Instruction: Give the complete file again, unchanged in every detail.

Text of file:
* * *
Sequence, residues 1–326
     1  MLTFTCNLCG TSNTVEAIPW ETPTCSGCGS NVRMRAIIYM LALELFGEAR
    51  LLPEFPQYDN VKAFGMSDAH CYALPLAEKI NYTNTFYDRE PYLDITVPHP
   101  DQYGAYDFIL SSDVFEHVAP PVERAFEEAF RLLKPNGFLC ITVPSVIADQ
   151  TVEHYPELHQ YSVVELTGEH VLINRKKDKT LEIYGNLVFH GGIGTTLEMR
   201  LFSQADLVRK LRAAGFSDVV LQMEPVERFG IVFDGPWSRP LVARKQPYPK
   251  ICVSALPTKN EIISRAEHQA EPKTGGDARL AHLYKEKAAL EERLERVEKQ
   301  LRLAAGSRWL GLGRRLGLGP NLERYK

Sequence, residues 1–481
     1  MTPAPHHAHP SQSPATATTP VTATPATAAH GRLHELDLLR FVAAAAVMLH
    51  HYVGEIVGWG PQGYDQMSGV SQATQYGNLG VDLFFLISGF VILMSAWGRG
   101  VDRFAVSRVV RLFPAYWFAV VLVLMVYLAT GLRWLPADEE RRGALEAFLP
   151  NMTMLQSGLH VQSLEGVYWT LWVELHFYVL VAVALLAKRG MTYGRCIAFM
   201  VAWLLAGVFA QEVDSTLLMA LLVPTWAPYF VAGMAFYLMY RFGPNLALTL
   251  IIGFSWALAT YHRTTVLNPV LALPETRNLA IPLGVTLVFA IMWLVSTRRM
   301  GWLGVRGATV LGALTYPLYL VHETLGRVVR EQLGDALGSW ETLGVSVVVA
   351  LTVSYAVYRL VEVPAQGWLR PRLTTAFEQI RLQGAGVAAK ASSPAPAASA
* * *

Sequence, residues 1–326
     1  MLTFTCNLCG TSNTVEAIPW ETPTCSGCGS NVRMRAIIYM LALELFGEAR
    51  LLPEFPQYDN VKAFGMSDAH CYALPLAEKI NYTNTFYDRE PYLDITVPHP
   101  DQYGAYDFIL SSDVFEHVAP PVERAFEEAF RLLKPNGFLC ITVPSVIADQ
   151  TVEHYPELHQ YSVVELTGEH VLINRKKDKT LEIYGNLVFH GGIGTTLEMR
   201  LFSQADLVRK LRAAGFSDVV LQMEPVERFG IVFDGPWSRP LVARKQPYPK
   251  ICVSALPTKN EIISRAEHQA EPKTGGDARL AHLYKEKAAL EERLERVEKQ
   301  LRLAAGSRWL GLGRRLGLGP NLERYK

Sequence, residues 1–481
     1  MTPAPHHAHP SQSPATATTP VTATPATAAH GRLHELDLLR FVAAAAVMLH
    51  HYVGEIVGWG PQGYDQMSGV SQATQYGNLG VDLFFLISGF VILMSAWGRG
   101  VDRFAVSRVV RLFPAYWFAV VLVLMVYLAT GLRWLPADEE RRGALEAFLP
   151  NMTMLQSGLH VQSLEGVYWT LWVELHFYVL VAVALLAKRG MTYGRCIAFM
   201  VAWLLAGVFA QEVDSTLLMA LLVPTWAPYF VAGMAFYLMY RFGPNLALTL
   251  IIGFSWALAT YHRTTVLNPV LALPETRNLA IPLGVTLVFA IMWLVSTRRM
   301  GWLGVRGATV LGALTYPLYL VHETLGRVVR EQLGDALGSW ETLGVSVVVA
   351  LTVSYAVYRL VEVPAQGWLR PRLTTAFEQI RLQGAGVAAK ASSPAPAASA